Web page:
The second big trend with CC is something we’ve seen from essentially ALL Yankees pitchers these days: they’re throwing a ton of breaking balls. McCarthy threw 80% cutters/sinkers, and Halladay threw about 70%. Sabathia himself threw some type of fastball on around 60% of his pitches a few years ago. That’s down to about 50% now, with that 10% shifted over to his slider. His slider is now the pitch he throws the most, and he’ll get up to about 50% sliders vs. lefties. As a team, the Yankees are dead last in FB usage by a wide margin; the Astros are in 2nd place about 4 percentage points back. By pitch info’s stats, they rank dead last in sinkers and 3rd lowest in four-seam usage. On the other side of that coin, they rank #1 in slider use, and 8th in change-ups. But if you add splitters to change-ups (as a splitter is a type of change), they throw the most such pitches in the game. Reliever Dellin Betances throws 98, but throws a curveball 55% of the time. Their best overall pitcher, Luis Severino, throws 97 as a starter, but still throws nearly 50% sliders+change-ups. Leaguewide, batters do much more damage on fastballs, so you understand the theory behind this: throw more of the pitches that don’t turn into homers and fewer of the ones that do. Like the Astros, the Yankees have a huge differential in the number of HRs their batters have hit and the number their pitchers have yielded. Their batters get to take advantage of a friendly park, while their pitchers haven’t given up anywhere near as many dingers as, say, the M’s. The Yankees defense has been surprisingly stout as well, so their BABIP pushes the Yankees ahead of the Astros in terms of runs allowed an ERA.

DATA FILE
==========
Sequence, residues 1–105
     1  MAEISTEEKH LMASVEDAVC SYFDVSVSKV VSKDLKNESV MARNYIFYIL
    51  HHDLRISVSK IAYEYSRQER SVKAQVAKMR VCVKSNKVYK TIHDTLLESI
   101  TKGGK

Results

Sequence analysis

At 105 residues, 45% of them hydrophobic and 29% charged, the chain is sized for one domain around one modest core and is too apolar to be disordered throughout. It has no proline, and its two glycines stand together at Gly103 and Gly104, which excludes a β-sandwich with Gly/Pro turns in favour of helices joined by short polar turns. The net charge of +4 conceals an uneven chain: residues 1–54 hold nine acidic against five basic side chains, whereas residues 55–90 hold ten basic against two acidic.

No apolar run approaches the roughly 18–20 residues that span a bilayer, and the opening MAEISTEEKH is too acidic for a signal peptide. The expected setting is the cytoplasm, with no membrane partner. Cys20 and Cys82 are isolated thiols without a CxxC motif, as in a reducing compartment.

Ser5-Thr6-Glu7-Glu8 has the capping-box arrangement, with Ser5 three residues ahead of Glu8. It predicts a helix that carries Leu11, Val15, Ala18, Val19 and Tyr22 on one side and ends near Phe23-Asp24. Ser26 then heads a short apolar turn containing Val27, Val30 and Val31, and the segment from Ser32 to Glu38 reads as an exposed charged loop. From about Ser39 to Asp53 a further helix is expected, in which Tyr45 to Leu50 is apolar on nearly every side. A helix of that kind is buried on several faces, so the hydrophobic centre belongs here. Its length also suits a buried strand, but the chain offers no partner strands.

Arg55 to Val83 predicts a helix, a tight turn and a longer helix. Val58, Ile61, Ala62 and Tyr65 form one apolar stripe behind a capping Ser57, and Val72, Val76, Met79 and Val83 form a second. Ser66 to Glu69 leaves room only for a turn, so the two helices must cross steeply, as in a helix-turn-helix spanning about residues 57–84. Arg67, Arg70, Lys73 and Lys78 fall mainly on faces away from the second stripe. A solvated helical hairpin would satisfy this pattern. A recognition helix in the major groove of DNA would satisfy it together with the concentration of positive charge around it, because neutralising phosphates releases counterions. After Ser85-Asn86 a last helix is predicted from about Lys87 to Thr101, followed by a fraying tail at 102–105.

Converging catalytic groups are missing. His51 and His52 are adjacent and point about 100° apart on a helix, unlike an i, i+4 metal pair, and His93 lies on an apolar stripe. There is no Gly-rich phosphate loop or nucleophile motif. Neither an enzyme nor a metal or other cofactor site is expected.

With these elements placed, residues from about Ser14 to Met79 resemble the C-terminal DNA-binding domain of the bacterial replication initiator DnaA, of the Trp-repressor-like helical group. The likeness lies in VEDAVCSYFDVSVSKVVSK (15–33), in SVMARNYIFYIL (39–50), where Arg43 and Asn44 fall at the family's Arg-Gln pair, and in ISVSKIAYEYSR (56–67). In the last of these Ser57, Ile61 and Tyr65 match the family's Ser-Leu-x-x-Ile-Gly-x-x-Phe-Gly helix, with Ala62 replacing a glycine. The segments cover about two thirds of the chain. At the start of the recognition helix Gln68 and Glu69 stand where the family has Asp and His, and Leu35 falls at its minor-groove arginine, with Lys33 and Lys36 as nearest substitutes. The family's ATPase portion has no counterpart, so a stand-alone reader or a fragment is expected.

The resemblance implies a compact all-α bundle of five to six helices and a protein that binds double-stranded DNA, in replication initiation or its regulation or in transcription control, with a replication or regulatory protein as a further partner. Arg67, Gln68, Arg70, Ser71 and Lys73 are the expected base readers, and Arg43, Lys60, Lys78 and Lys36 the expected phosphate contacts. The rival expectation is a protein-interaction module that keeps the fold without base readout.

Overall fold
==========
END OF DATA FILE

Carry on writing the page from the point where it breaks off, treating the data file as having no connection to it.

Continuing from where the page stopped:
The M’s have been a good hitting club against fastballs this year, but have struggled against breaking balls, sliders in particular. If they get into fastball counts, they can do some damage, particularly in a park like new Yankee stadium. Nelson Cruz needs a big game here, and it’s great they can get him back in the line-up now that the DH is back. This is also a perfect time to give Robinson Cano an extra day off and avoid him aggravating his hamstring. The M’s have said they don’t anticipate DL’ing him, which is good to hear; if he does need to go to the DL, the M’s have Gordon Beckham with them in New York, ready to be activated.

1: Segura, SS
2: Valencia, 1B
3: Cruz, DH
4: Seager, 3B
5: Haniger, RF
6: Zunino, C
7: Heredia, CF
8: Gamel, LF
9: Motter, 2B
SP: Miranda

After yesterday’s huge brawl between the Tigers and Yankees, MLB has issued suspensions to several Yankees players, including both of their primary catchers (Gary Sanchez and Austin Romine). Sanchez, who sucker punched some Tiger in the melee, gets 4 games, while Romine – who was the recipient of the first shove from Miggy Cabrera – gets 2 games. Both will appeal, I’m sure, so Sanchez is batting 3rd tonight.

The teams are wearing special jerseys for “Players Weekend” complete with nicknames on the back. Kyle Seager’s jersey now reads “Corey’s Brother” while Motter is “La Pesadilla” (The nightmare). Cruz is Boomstick, Jean Segura is “El Mambo” and Heredia’s “El Conde” (The Count).


8 Responses to “Game 129, Mariners at Yankees – Late Career Surges”

  1. Grayfox3d on August 25th, 2017 6:41 pm

    Wow… if they lose this that’s one hell of a way to cough up a game.

  2. mrakbaseball on August 25th, 2017 6:54 pm

    Amazing that Miranda didn’t allow a homer in the bandbox in the Bronx.

  3. giumri on August 25th, 2017 6:59 pm

    Getting lucky – watching on Pix11 in NY and DiDi was safe on a very weird looking slide.
    I’ll take it.

  4. Sowulo on August 25th, 2017 8:01 pm

    Needed that one.

  5. mksh21 on August 26th, 2017 11:49 am

    Gallardo…. sad thing is despite the injuries this year they WILLINGLY signed him before all that lol

  6. mrakbaseball on August 26th, 2017 12:13 pm

    Gallardo was traded to Seattle for Seth Smith. Saying they “signed” him implies they acquired him via free agency.

  7. okinawadave on August 27th, 2017 10:41 am

    Not sure we’re good enough for the Little League World Series today.

  8. mksh21 on August 27th, 2017 11:11 am

    mrakbaseball. Ugh I forgot it was a trade… Does that make it even worse??